The lens is 100 times thinner than a human hair and could enable the fast transfer of quantum information to a network, a statement from ANU said.
However, this was dependent on the other technologies being developed.
The lens is made of a silicon film with millions of nano-structures forming a metasurface. This can control light with functionalities outperforming traditional systems.
An artist's impression of the meta surface camera lens that can image several quantum particles of light at once.
“It is the first of its kind to image several quantum particles of light at once, enabling the observation of their spooky behaviour with ultra-sensitive cameras,” he said.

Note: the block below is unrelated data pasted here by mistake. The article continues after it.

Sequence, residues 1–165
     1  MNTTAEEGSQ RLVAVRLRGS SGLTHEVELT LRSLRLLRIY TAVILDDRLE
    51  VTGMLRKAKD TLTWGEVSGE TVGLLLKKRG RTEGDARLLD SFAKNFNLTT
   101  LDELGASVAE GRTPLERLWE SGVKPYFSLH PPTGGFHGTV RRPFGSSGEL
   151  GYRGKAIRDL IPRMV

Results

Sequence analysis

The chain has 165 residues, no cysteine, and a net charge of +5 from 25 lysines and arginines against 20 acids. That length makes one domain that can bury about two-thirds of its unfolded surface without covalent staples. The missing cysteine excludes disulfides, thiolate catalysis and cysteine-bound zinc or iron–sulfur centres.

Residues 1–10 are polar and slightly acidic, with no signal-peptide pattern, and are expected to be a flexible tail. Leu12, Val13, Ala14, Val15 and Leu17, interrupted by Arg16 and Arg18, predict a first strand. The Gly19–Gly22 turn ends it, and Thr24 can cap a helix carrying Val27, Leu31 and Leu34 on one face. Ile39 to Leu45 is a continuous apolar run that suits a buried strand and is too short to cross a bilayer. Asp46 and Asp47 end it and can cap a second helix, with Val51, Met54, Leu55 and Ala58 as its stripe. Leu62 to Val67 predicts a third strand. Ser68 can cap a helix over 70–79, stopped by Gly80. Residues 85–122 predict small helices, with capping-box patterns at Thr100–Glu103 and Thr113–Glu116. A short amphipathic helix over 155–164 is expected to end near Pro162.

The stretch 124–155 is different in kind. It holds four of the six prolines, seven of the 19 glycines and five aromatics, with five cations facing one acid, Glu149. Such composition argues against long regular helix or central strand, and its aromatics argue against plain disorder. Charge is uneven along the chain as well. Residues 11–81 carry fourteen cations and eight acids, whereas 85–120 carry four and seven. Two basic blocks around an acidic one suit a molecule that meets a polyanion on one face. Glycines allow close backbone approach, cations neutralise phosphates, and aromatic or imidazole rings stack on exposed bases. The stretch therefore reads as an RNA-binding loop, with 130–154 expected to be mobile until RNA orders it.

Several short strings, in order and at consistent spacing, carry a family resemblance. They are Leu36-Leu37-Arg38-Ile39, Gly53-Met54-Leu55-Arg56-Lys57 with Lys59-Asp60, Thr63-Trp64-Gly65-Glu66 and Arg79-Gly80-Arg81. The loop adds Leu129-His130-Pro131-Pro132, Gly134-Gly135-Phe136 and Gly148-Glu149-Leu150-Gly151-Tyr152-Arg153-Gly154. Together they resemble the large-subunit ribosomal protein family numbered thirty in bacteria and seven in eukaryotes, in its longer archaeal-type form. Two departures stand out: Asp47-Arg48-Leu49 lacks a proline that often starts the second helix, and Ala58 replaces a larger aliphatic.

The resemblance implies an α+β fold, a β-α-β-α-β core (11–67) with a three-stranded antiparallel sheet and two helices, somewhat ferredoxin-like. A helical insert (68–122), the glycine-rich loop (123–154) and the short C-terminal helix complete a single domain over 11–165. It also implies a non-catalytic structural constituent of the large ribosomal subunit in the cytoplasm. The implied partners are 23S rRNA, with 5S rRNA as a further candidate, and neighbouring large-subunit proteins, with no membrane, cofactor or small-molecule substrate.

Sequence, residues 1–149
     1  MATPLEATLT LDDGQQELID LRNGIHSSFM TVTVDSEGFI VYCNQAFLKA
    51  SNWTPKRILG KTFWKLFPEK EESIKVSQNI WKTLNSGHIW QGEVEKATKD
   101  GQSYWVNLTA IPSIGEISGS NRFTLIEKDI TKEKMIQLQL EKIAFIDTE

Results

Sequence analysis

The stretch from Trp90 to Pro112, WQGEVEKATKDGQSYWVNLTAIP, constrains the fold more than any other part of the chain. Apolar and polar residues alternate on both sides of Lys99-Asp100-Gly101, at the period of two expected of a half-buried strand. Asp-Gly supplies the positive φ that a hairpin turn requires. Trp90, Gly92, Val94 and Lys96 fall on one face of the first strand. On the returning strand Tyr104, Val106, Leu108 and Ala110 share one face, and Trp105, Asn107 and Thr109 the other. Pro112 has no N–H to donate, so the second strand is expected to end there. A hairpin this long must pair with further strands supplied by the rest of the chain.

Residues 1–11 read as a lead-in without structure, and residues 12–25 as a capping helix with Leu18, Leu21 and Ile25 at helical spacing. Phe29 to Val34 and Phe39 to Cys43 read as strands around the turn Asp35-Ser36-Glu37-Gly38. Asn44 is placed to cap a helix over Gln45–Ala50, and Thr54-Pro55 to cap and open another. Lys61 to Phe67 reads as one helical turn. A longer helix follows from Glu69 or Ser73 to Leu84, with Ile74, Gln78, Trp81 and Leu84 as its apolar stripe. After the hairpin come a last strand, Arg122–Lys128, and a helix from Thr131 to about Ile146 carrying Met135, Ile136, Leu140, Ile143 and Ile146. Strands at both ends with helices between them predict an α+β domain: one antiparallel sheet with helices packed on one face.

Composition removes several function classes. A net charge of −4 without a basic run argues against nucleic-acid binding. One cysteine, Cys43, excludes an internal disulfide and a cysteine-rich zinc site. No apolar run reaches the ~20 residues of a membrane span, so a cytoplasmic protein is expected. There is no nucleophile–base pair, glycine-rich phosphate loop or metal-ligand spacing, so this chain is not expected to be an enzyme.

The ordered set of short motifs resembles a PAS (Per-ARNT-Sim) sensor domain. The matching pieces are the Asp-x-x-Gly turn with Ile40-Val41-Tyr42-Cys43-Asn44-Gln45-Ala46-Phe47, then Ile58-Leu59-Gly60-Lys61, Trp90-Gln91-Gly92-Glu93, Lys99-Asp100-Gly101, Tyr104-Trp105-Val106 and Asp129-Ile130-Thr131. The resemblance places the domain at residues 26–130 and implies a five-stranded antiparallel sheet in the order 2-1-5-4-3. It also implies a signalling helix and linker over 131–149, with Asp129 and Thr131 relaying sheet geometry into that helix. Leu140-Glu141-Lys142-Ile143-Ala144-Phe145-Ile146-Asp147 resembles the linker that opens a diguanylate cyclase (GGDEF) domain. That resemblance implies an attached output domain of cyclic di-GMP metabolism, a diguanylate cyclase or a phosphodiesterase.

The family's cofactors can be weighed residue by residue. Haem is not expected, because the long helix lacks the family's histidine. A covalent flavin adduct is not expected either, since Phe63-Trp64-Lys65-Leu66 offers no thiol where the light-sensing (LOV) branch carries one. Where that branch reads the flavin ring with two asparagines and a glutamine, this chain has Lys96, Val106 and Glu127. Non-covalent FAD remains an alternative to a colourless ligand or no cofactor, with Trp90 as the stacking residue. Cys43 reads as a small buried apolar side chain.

Sukhorukov led the research with a team at the Nonlinear Physics Centre of the ANU Research School of Physics and Engineering.
Kai Wang, a PhD scholar at the Nonlinear Physics Centre who worked on all aspects of the project, said one challenge was making portable quantum technologies.
“Our device offers a compact, integrated and stable solution for manipulating quantum light. It is fabricated with a similar kind of manufacturing technique used by Intel and NVIDIA for computer chips.” he said.
Staff and post-graduate scholars developed and tested the metasurface camera lens along with researchers at the Oak Ridge National Laboratory in the US and the National Central University in Taiwan.
The research has been published in Science.
Photo: Kai Wang